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SheriC

Portable Mistletoe

Reading, for me, is entertainment and an escape from the real world. But it can also inform and stretch the boundaries of the life I live.

Currently reading

The Horse Dancer
Jojo Moyes
Seabiscuit: An American Legend
Laura Hillenbrand
Peanuts Classics
Charles M. Schulz
Progress: 20/450 pages
The Bungalow Mystery
Carolyn Keene
Progress: 192/192 pages
In Such Good Company: Eleven Years of Laughter, Mayhem, and Fun in the Sandbox
Carol Burnett
Progress: 16 %
The Bungalow Mystery #3
Carolyn Keene
Progress: 192/192 pages
The Bungalow Mystery
P.M. Carlson, Russell H. Tandy, Carolyn Keene
Progress: 204/204 pages

The Hidden Staircase – ND2.6

The Hidden Staircase - Carolyn Keene  The Hidden Staircase - Mildred Benson,Carolyn Keene  

Reading the 1930 & 1959 versions of The Hidden Staircase simultaneously, comparing differences in the story and characters, and pondering dated plot points. Spoilers: full plot description below!

 

1930 Chs 17-22; 1959 Chs 18-19

 

FINALLY we get to the hidden staircase, and the pace really picks up as all the random plot elements start to converge. But not before we spend a lot more time in 1959 with Nancy and the police tracking down the men who kidnapped her father. Acting on clues that Nancy gave them, they’ve picked up one of the men, but can’t get a confession from him. So naturally (?!?), they ask Nancy to do the interrogation. She is of course successful, by using her feminine wiles to appeal to his sense of decency and shames him into cooperating because he’s really just a good guy who fell in to bad company and is now heartily ashamed of himself.

 

1930 Nancy, convinced that Gombet is her “ghost”, decides to confront him directly, but conceals her plans from the frightened old ladies. After they fall asleep, she sneaks out of the house through a window, armed with a flashlight and her gun. Gombet is leaving his house just as she’s getting there, so she decides to break into his house and explore rather than questioning him. She sees a “surly-looking creature” (Gombet’s servant) through the window and avoids the kitchen, then tries all the windows until she finds one to the cellar that’s open. Excitement ensues as she sneaks around, trying to avoid getting caught by the servant, until she accidentally falls through a hidden door in an upstairs closet and all the way down a hidden staircase.

 

1959 Nancy, having spent all the valuable page space dancing, cooking, cleaning, eating delicious meals, and investigating her father’s disappearance, doesn’t get to have fun sneaking around a house that she’s broken into, avoiding detection by a scary servant. Partly because the later revisions deal with the earlier racist stereotypes by just making all the characters white, and partly because 1959 Nancy is too virtuous to engage in illegal breaking and entering. Instead, she wheedles a realtor into giving her permission to explore, despite the house already having been sold to (surprise!) Nathan Gomber. Once again, Nancy lets other characters engage in the shady ethics while she profits from it. She’s like a mob boss keeping her hands clean by letting lesser people do her dirty work. Anyway, similar to 1930, Nancy finds the hidden door upstairs and falls down the staircase, then she and Helen go exploring, eventually coming to another stone staircase, but are confronted by a man telling them to stop.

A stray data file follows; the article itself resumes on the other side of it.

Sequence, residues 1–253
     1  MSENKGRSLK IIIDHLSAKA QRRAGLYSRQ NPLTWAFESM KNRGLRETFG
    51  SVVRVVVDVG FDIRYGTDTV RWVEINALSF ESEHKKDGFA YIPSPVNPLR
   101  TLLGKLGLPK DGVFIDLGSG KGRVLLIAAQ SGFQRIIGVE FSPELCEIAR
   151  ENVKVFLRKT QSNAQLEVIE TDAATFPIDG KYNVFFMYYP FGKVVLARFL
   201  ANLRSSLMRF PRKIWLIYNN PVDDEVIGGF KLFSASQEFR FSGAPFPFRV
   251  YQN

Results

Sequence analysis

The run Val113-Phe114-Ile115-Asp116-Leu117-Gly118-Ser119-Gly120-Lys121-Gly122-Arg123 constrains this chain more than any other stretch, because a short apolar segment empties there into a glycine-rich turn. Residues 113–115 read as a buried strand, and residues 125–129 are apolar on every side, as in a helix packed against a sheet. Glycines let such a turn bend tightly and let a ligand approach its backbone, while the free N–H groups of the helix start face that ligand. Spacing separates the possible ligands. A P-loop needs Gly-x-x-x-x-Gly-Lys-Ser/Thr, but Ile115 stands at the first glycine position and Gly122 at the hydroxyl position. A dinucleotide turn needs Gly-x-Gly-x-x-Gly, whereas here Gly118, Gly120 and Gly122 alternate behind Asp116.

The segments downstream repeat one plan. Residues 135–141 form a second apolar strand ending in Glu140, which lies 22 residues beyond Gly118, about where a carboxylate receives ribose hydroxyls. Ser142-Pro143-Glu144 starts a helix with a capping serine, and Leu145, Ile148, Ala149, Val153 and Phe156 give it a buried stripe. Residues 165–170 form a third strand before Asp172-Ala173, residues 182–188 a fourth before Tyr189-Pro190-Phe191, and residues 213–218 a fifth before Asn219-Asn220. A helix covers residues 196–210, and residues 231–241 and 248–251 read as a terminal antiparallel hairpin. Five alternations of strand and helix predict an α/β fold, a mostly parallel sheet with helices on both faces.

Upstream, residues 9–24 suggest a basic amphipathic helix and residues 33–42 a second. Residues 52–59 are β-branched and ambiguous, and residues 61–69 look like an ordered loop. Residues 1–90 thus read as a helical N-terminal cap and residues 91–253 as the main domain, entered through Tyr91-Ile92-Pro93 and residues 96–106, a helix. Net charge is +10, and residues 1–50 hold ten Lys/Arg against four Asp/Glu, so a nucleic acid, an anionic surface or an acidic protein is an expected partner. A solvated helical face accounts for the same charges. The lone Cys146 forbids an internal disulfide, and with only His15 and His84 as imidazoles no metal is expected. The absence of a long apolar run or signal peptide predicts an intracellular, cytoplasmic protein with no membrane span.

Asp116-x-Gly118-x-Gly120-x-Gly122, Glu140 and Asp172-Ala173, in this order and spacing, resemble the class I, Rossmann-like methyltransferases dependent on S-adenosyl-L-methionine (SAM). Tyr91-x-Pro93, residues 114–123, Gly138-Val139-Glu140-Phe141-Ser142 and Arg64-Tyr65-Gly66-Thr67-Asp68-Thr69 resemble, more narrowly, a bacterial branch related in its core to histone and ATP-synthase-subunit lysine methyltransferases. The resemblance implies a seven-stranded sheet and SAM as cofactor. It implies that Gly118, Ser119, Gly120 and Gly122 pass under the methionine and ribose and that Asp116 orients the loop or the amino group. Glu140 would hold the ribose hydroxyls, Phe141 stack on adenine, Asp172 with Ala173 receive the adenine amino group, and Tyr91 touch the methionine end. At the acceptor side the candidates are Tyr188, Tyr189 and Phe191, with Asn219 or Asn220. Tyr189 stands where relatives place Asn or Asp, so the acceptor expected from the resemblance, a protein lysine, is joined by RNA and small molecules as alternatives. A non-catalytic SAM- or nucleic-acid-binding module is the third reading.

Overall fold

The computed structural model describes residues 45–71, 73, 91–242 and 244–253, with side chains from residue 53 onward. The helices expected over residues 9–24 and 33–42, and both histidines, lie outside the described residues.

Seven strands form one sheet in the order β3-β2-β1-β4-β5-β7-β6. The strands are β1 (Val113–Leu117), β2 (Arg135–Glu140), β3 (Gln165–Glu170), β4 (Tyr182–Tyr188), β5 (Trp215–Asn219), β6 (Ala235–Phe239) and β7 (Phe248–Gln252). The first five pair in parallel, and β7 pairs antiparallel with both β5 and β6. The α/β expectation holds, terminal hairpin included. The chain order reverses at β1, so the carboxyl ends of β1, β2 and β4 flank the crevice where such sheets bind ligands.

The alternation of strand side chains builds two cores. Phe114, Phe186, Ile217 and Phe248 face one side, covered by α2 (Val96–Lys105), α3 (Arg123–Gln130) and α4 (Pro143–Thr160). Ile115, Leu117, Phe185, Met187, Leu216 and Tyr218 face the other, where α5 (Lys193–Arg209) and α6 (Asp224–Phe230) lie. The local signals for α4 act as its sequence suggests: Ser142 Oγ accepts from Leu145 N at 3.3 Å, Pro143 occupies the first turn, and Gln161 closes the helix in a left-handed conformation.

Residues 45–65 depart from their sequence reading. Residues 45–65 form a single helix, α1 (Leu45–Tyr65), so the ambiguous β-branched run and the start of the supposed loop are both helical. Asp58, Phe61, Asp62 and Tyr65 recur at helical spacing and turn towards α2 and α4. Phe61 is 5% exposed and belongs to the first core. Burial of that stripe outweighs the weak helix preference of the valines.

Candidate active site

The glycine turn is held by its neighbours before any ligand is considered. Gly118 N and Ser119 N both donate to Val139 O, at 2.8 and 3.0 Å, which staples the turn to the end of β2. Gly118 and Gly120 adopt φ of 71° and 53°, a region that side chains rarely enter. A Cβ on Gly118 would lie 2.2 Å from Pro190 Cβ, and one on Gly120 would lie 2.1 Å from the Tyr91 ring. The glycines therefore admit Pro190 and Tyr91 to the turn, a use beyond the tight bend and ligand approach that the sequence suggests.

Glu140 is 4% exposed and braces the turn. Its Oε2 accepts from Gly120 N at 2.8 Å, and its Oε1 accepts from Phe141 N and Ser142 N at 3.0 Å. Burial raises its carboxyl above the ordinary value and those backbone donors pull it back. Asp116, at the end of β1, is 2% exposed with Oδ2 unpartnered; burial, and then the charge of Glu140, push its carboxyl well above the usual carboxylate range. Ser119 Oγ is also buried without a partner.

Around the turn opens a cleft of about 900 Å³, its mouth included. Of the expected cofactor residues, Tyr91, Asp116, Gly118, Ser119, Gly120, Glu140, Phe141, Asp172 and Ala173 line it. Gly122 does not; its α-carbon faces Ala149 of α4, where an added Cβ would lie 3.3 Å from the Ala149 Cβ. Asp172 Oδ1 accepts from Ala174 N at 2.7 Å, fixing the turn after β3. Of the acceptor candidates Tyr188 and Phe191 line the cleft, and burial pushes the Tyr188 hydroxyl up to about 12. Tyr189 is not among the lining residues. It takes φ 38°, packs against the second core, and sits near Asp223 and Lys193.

1930 Nancy’s time in the tunnel is a lot more fun, because she’s down there alone at night and nobody knows where she is, and it’s dank and smelly and there are rats, and her flashlight battery is fading, but she bravely marches on until she comes to another stairway that takes her up to… a trapdoor in the attic floor at The Mansion! Nancy sleeps in the next morning and wakes to find that the sisters have finally caved to Gombet’s demands and have verbally agreed to sell the house, but Nancy reveals that Gombet was the ghost and shows them the hidden stairway. They all go exploring together, and discover all the hidden entrances to explain all the ghostly happenings. Then Nancy and the old ladies pile into her little roadster and roar off into town to report to the police.

 

Dated Plot Points: Nancy is trapped in the hidden passageway with no way to call for help, so I’m not sure how this would work in a modern adventure story. I suppose their mobile phones might get no cell reception underground, or maybe Nancy’s phone could have smashed when she fell, and Helen could have forgotten to bring her phone? Also, I loved that the 1959 girls would go exploring a dilapidated old mansion wearing skirts, and even more so that those skirts would have pockets AND those pockets would big enough to carry their flashlights in. I don’t believe they had mini maglites in those days, so these would have been bulky, heavy devices.

 

Considerations: It has always bugged me, and still does, that the books use a single “p” spelling for kidnapped. “Kidnaped” instead of “kidnapped”, although apparently either spelling is correct. Doesn’t make it right though.

 

Index of posts for The Hidden Staircase:

ND2.0

ND2.11

ND2.12

ND2.2

ND2.3

ND2.4

ND2.5

ND2.6

ND2.7 (pending)